As for the password conundrum, you have a few options. The most important things to keep in mind are to store passwords on personal devices, off the web, and out of plain sight. There is inherent risk in recording passwords. That being said, taking a few simple precautions can lower your risk exposure and keep you from having to set up a third Forever 21 account (guilty!). If you like using paper, fill a small notebook with your passwords for different accounts and keep it locked in a small safe or hidden in a private place. If you want to use a device, password protect your glossary of passwords or use software like keepass. Another option is to give yourself hints about what your passwords may be, “Middle School Password” or “Favorite Novel” for example. This way, if anyone were to find it, they would still have to guess at what the hint meant.
Master a Meal. I am a dreadful cook, so dreadful that I just cooked meat alone for the first time last month. And it was ground beef. And I begged my boyfriend to watch me the whole time to make sure I didn’t accidentally kill us both. That being said, I realize the importance of being able to cook and I’m trying to do it more. Having one to three meals in your pocket that you can confidently serve to company not only makes you seem more domestic, but also gives you greater flexibility. Eating out is expensive and eating out with a group is doubly so. If you’re trying to save money and eat without a server anxiously waiting for your table to clear, your home is the next best option.
There are lots of websites that cater to beginner cooks, but I generally start on Pinterest or Google with searches like “15 minute recipes” or “5 ingredient dinners”. As you begin to branch into cooking, try to pick dishes that fall into one of three categories:
- Customizable. If you are hosting a dinner party for three or more people, you may want to share the costs. The easiest way to do this is to ask your guests to bring items to contribute to the meal. Tacos, Hawaiian Haystacks and Salad are all great dishes in these situations. You can prepare the base and others can bring their toppings. This is also a good option if you need to accommodate a wide variety of allergies, diets, and food preferences.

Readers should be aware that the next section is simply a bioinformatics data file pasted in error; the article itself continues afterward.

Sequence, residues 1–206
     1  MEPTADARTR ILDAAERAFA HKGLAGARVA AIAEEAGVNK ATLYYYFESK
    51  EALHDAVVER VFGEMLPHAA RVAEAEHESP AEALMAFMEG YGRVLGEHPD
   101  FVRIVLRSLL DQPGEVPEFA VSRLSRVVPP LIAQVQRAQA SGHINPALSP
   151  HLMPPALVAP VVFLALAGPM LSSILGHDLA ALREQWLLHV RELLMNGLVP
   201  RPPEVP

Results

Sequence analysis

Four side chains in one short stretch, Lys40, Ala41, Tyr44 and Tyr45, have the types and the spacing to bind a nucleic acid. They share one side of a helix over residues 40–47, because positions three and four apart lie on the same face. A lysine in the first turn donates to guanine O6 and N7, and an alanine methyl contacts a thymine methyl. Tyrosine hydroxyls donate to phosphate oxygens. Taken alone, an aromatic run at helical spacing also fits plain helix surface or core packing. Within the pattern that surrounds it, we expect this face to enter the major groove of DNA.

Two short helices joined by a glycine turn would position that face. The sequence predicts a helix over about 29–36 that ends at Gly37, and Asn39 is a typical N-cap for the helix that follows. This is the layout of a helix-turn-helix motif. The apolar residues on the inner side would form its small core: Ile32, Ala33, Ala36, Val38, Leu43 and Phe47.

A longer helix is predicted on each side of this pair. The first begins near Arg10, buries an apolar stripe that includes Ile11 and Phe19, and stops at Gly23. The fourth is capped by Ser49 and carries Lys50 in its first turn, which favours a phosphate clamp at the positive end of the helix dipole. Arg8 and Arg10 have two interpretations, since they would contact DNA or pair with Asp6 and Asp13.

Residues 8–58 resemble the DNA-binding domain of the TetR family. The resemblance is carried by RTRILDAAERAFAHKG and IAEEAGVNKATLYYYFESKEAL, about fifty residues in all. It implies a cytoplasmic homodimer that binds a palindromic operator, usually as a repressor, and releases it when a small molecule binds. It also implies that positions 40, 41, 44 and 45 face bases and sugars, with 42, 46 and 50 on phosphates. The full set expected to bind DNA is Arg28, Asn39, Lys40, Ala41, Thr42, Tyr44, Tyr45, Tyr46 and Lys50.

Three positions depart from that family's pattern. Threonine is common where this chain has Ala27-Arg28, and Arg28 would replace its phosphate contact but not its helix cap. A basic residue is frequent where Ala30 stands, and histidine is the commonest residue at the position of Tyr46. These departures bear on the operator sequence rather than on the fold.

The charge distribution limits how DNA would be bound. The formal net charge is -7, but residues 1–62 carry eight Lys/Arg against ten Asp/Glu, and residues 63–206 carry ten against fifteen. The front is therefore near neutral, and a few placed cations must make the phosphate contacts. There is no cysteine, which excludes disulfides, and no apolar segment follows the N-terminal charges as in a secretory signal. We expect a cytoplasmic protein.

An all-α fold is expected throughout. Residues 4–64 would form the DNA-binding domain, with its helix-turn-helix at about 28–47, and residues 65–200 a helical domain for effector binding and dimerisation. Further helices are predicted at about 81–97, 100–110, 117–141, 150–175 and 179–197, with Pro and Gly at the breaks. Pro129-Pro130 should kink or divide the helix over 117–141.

- Single pot dishes. You want to have people over, but you don’t have time for the prep or mess. Single pot pasta, upscale casserole, enchiladas, or crock pot dishes allow you to prepare ahead of time and have an entire meal in a single dish.
- Impressive. The previous two categories are wonderful for a tight knit group of friends or a long time SO (for the Olds, that means significant other). That being said, sometimes you need something a little bit more. Having a single impressive dish in your arsenal can help give others the impression that you are a competent adult. These dishes generally revolve around a primary protein and secondary vegetables. Think salmon and asparagus, steak and mashed potatoes, or chicken and broccoli. These dishes are all about getting just the right cook and blending great spices.
Journal Your Goals, Gratitude, and Gaffs. The benefits of journaling do not stop after we pass our angsty teenager phases. Studies indicate that journaling can lessen depression, strengthen social bonds, lower blood pressure, and even speed up healing from injuries. It allows you to take a break and really think. Review your interactions and write down how you felt and what you wanted to say. Record your goals and how they are progressing. Reflect on the little things that make your day and life great. Revel in your own awkwardness and mistakes. How you journal is completely up to you- draw pictures, write poems, record stream of consciousness. The frequency of your entries can vary, but once or twice a week seems to be the sweet spot for most people. If you feel weird about writing in a journal or diary, just tell people you are “expressive writing”(Thanks therapeutic rebranding!).